Fighting And Famine On The African Front

Published 9 years ago
Fighting And Famine On The African Front

The early twentieth-century South African educationist and writer, Davidson Don Tengo Jabavu, was no stranger to irony. Responding to news of the outbreak of the First World War, he commented wryly in September, 1914 that Africans had been ‘taken by surprise that the European nations who led in education and Christianity should find no other means than accumulated destructive weapons to settle their diplomatic differences’.

Like many others at that chilling moment, this pacifist viewed the war as a distant European catastrophe. As we reach the centenary of the cataclysmic Great War of 1914-1918, images of the Western Front and of the conflict as a bloody European affair continue to dominate popular historical memory, and not solely in Western countries.

Further back in time, significant figures grasped that it was a dramatic global struggle, far-reaching in its destructive and transforming impact on Europe’s enormous imperial territories overseas and their hundreds of millions of colonial inhabitants. British Prime Minister Winston Churchill was just one of those observers. With Britain the major colonial power in Africa, for Churchill it followed that British Africa would be at war with Germany, just as night followed day. Italian leader Benito Mussolini observed that every continent was engulfed by the same crisis and not a single part of the world had been able to avoid being shaken by what he called the cyclone of 1914 to 1918.


In that sense, the war experiences of imperial Britain, imperial France and imperial Germany were as much about the fortunes of Africa as about the fate of men in the trenches of Europe. Aside from anything else, even those soldiers were by no means all European. In all, the French recruited almost 400,000 West African and North African colonial troops to fight German invaders. Many others who were pulled into Europe kept their heads down, serving the war effort as military laborers. Even crops exported from its African territories helped keep France on its feet. Africans thus became an inseparable part of the war.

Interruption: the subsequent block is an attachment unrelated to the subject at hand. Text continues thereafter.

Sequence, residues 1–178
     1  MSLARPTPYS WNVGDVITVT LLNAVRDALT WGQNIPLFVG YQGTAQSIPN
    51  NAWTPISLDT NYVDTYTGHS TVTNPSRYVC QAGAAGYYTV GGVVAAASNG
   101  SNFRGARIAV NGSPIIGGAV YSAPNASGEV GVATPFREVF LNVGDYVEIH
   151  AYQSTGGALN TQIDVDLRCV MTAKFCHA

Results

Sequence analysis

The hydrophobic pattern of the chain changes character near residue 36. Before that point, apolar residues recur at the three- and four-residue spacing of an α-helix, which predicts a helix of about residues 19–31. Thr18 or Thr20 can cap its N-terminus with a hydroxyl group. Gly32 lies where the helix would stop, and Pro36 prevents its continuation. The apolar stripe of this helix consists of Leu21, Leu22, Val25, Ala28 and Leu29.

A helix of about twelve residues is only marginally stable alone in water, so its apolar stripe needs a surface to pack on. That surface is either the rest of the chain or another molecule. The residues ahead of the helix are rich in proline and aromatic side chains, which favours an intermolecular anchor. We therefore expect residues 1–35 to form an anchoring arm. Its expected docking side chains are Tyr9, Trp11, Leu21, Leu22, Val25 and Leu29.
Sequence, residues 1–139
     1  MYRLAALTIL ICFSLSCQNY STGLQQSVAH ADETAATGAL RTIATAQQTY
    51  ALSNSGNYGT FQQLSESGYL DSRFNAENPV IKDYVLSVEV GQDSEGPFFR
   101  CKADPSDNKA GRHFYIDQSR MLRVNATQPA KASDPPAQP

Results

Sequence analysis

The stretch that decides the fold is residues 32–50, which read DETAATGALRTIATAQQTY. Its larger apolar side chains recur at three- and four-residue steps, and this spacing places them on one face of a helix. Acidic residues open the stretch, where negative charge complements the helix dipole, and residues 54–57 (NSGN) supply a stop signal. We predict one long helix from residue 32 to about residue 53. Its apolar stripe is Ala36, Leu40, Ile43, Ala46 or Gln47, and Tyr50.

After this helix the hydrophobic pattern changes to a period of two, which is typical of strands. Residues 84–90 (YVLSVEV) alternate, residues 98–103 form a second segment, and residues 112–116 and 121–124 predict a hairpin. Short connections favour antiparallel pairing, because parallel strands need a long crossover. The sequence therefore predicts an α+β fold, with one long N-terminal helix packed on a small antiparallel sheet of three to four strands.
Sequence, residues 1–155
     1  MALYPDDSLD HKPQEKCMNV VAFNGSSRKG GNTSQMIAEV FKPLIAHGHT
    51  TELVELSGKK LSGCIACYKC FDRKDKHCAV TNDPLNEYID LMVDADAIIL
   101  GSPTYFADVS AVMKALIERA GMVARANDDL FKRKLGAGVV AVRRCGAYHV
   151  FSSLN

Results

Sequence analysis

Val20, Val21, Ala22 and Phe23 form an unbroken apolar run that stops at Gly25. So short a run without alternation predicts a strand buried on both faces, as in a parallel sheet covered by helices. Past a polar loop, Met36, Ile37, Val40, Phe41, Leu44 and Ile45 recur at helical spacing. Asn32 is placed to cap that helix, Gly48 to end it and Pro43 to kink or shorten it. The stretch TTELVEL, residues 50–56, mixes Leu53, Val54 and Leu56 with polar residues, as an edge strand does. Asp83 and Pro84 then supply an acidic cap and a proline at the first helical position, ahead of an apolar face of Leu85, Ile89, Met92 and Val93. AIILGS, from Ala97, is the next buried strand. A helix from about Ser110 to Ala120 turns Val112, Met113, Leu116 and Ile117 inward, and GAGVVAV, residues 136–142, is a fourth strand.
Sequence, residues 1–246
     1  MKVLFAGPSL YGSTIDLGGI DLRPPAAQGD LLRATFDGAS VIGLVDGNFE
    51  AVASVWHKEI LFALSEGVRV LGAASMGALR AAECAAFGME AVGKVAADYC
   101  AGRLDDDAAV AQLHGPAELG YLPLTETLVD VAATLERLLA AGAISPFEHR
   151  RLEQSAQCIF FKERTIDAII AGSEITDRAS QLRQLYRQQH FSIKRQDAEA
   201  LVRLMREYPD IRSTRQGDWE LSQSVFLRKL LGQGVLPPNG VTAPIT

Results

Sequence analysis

Another perspective points us towards Africa itself. After all, it was there that the war actually started. The very first shots were fired by West African infantrymen of Britain’s Gold Coast Regiment early in August, 1914 when British and French colonial forces invaded Germany’s colonies of Togoland and Kamerun. That extinguished the delusions of some local colonial administrators that Africa might have been left to remain neutral. What they feared was the unsettling effect of European hostilities on the security of white rule.

Africa was also where the war finally ended. It was still simmering on the continent after it had ended in Europe. In the week following Armistice Day, November 11, 1918, East African askari – guerrilla fighters under German command – picked off a British motorcyclist in Northern Rhodesia. Among his scattered papers was a notice that the war had ended. It came as a rude surprise to the German commander, General Paul Emil von Lettow-Vorbeck. Now obliged to surrender, he did so grudgingly, moaning that he was only giving up because his country had been defeated in Europe.

Some of the war’s quirkier stories were as good as any fiction, if not better. In the Union of South Africa’s conquest of German South West Africa in 1915, they included General Louis Botha’s decision to swop his horse for a motorcar for his triumphal entry into the enemy capital of Windhoek. With an eye on awaiting war correspondents, he had been keen to shed his rural Boer commando past in favor of appearing as a modern industrial soldier. Unfortunately for the prime minister’s dignity, his driver had possibly had one brandy too many on the way to victory and drove into a ditch. A year later, the obsessively fit and healthy Jan Smuts, commander-in-chief of the large Allied campaign in East Africa, was not exactly popular among his more idle and chubby generals. At the sound of their commander’s approaching Buick car, officers ducked out of their tents and tried to hide away, desperate to avoid having to accompany him on some strenuous mountain walk.